# How do you prove that differentiability implies continuity with $\epsilon$-$\delta$ definition?

How do you prove that differentiability implies continuity with $$\epsilon$$-$$\delta$$ definition?

I know that's a very common theorem in calculus but when I try to prove it with $$\epsilon$$-$$\delta$$ definition of continuity, I found that it is not so obvious.

Attempt: Let $$f:\mathbb{R}\to\mathbb{R}$$ be a function differentiable at point $$a \implies \forall \epsilon>0, \exists \delta>0 \text{ s.t. } \left|\frac{f(x)-f(a)}{x-a}-f'(a)\right|<\epsilon$$ for any $$|x-a|<\delta$$. So what we want to show is that for all $$\epsilon>0$$, we can find an $$\delta>0$$ such that $$|f(x)-f(a)|<\epsilon$$ for any $$|x-a|< \delta$$. First of all, we can apply the triangula inequality $$|f(x)-f(a)|\le |f(x)-f(a)-f'(a)(x-a)|+|f'(a)(x-a)|<\epsilon+|f'(a)(x-a)|,$$ but I found that $$|f'(a)(x-a)|$$ could be very large even $$\epsilon$$ can be any real number.

Fix $$\varepsilon > 0$$ and $$a$$.

From the definition of differentiation we have $$\left|\frac{f(x)-f(a)}{x-a}-f'(a)\right| < \varepsilon\tag{1}$$

for an appropriately chosen $$\delta > 0$$.

Multiply both sides by $$|x - a|$$ to get: $$\left|f(x) - f(a) - (x - a)f'(a)\right| < |x - a| \varepsilon\tag{2}$$

Using $$\left||x|-|y|\right| \le |x - y|$$ we have:

$$\left|f(x) - f(a)\right| - |x - a| \cdot \left|f'(a)\right| < |x - a| \varepsilon\tag{3}$$

Rearrange to get: $$\left|f(x) - f(a)\right| < (\left|f'(a)\right| + \varepsilon) \cdot |x - a|\tag{4}$$

Since $$f'(a)$$ and $$\varepsilon$$ are both fixed, you can make $$|f(x) - f(a)|$$ as small as you want by making $$|x - a|$$ smaller and smaller. Thus, the function is continuous at $$a$$.

To prove this formally, pick any $$\hat{\varepsilon}$$ (different from $$\varepsilon$$ fixed at the beginning and used with the differentiation definition). Pick $$\hat{\delta} = \min\left(\delta, \frac{\hat{\varepsilon}}{\left|f'(a)\right| + \varepsilon}\right)$$. Clearly:

$$|x - a| < \hat{\delta} \Rightarrow \left|f(x) - f(a)\right| < \hat{\varepsilon}\tag{5}$$

• Foor choosing $\delta > 0$ you can think about $\delta_0 := min(\delta,\epsilon \cdot \frac 1 {|f'(x)|+\epsilon})$ where $\delta > 0$ is such that $$\left | \frac { f(x)-f(a) } {x-a} - f'(a) \right | < \epsilon$$ for $|x-a| < \delta$ given $\epsilon > 0$
– user42761
Jan 3, 2013 at 11:38
• I mean $\frac 1 {|f'(a)| + \epsilon}$
– user42761
Jan 3, 2013 at 11:50
• @André Why you take $\delta_0=\min(\delta,{1\over{|f'(a)+\epsilon}})$ instead of $1\over{|f'(a)+\epsilon}$? Jan 3, 2013 at 13:18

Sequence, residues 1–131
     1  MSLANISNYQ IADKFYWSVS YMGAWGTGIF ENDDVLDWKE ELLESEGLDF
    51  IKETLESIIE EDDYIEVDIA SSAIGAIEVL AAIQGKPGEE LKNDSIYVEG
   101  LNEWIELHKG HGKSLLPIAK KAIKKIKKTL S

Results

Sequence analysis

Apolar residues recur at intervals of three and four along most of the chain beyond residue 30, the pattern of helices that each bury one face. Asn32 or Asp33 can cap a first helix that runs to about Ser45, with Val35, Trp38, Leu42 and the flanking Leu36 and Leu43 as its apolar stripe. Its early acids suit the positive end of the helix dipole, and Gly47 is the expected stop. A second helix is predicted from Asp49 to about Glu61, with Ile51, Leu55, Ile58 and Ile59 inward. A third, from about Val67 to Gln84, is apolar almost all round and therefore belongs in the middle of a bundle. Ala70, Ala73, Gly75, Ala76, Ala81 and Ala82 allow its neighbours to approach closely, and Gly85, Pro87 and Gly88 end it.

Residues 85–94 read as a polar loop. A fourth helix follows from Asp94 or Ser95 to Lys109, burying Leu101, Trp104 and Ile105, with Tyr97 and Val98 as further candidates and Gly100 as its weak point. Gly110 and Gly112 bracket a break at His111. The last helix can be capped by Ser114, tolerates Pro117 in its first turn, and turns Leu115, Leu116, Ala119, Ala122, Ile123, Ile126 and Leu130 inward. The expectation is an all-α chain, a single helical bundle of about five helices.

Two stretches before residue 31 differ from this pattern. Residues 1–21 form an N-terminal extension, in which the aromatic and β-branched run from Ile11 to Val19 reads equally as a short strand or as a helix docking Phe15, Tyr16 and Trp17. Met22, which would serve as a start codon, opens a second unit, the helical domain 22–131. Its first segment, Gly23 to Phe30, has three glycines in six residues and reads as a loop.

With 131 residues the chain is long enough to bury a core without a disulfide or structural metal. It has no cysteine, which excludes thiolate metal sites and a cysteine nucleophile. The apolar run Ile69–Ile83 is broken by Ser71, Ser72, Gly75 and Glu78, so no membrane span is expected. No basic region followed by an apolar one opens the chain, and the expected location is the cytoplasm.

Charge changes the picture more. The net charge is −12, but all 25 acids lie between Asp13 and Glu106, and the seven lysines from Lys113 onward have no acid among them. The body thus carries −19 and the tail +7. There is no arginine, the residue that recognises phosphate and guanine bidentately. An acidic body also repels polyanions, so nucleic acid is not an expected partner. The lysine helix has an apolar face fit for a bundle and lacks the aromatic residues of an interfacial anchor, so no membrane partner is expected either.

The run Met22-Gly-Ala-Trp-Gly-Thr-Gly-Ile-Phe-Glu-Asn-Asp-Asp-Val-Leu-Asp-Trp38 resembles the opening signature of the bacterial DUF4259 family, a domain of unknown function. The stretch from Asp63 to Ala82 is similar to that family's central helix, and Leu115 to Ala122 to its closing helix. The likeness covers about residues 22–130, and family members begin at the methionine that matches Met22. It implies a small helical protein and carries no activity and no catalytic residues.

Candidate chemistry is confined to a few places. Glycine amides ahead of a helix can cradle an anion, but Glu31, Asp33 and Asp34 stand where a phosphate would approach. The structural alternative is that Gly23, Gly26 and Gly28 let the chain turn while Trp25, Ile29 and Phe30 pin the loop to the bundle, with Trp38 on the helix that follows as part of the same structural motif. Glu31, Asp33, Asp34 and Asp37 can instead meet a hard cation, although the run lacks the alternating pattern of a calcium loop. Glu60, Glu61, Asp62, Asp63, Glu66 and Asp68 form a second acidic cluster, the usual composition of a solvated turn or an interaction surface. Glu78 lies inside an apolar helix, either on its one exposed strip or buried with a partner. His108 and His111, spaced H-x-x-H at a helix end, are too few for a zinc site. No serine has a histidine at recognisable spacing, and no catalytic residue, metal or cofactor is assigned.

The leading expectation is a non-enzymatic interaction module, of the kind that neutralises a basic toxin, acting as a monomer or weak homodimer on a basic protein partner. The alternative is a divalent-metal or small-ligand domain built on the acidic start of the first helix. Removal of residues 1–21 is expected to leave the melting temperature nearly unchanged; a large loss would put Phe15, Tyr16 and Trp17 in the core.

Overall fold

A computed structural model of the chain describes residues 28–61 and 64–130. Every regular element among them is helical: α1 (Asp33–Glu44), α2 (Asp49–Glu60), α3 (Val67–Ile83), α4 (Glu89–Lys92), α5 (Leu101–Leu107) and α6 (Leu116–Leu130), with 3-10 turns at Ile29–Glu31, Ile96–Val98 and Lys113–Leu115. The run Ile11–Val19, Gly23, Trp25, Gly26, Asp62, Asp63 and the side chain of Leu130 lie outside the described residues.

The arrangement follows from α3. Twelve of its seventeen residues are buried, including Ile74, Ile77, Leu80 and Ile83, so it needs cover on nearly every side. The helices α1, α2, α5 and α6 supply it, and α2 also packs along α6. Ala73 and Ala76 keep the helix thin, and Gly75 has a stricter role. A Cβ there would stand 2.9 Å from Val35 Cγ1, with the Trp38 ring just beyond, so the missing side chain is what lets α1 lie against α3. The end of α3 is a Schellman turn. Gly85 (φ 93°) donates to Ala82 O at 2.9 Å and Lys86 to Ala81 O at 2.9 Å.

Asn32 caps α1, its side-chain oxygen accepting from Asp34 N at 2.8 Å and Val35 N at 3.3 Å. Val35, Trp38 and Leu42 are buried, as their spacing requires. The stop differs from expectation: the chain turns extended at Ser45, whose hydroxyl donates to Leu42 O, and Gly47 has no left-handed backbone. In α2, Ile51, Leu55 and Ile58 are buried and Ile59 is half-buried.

• You first coose $\epsilon > 0$ arbitrary. Then ther is a $\delta > 0$ such that $|(f(x)-f(a))/(x-a)|< \epsilon$ for $|x-a| \leq \delta$. By letting $|x-a| \leq \delta_0$ you ensure that $|x-a| \leq \delta$ and $|x-a| \leq \frac{\epsilon}{|f'(a)|+\epsilon}$ such that $$(|f'(a)|+\epsilon)|x-a| \leq (|f'(a)|+\epsilon) \frac {\epsilon}{|f'(a)|+\epsilon} \leq \epsilon$$
– user42761
Jan 3, 2013 at 15:24
• @Mathematics We take the min because we don't know which is smaller, $\delta$ or $\frac{\hat{\varepsilon}}{\left|f'(a)\right| + \varepsilon}$. The two values are independent of each other, and we want $x$ to satisfy both conditions. Jan 3, 2013 at 19:50

You want to show that $d(f(x),f(t))<\epsilon$ when $d(x,t)<\delta$.

$\displaystyle\lim_{x\to t}f(x)-f(t)= \lim_{x\to t}\frac{f(x)-f(t)}{x-t}(x-t)=f'(t)\cdot0=0$ which is what we wanted to show.

• This is the standard proof. However, the OP specifically asked for an $\varepsilon-\delta$ argument. Jan 4, 2013 at 18:06
• This is a nice, simple, direct proof; one of my favorites. It is the same proof that Rudin uses in his "Principles of Mathematical Analysis." I think it is easy to rewrite this as an epsilon-delta proof. Jan 4, 2013 at 18:10

You don't need to add much to your own proof to finish it off. You've shown that, given $\epsilon>0$, you can find $\delta>0$ such that $|f(x)-f(a)|<\epsilon+|f'(a)||x-a|$ whenever $|x-a|<\delta.$ This means $|f(x)-f(a)|<\epsilon+|f'(a)|\delta$ whenever $|x-a|<\delta$.

Now, given any $\epsilon'>0$. We want to show that there exists $\delta'>0$ such that $|f(x)-f(a)|<\epsilon'$ whenever $|x-a|<\delta'.$ If $f'(a)=0$ then, letting $\epsilon=\epsilon',$ we know there is a $\delta$ such that $|f(x)-f(a)|<\epsilon'$, so we take $\delta'=\delta$. Otherwise, let $\epsilon=\frac{\epsilon'}{2}$ so that there exists $\delta$ such that $|f(x)-f(a)|<\frac{\epsilon'}{2}+|f'(a)|\delta$. If $\delta\le\frac{\epsilon'}{2|f'(a)|}$, then the right side is less than or equal to $\epsilon'$, so we let $\delta'=\delta$. Otherwise we let $\delta'=\frac{\epsilon'}{2|f'(a)|}$.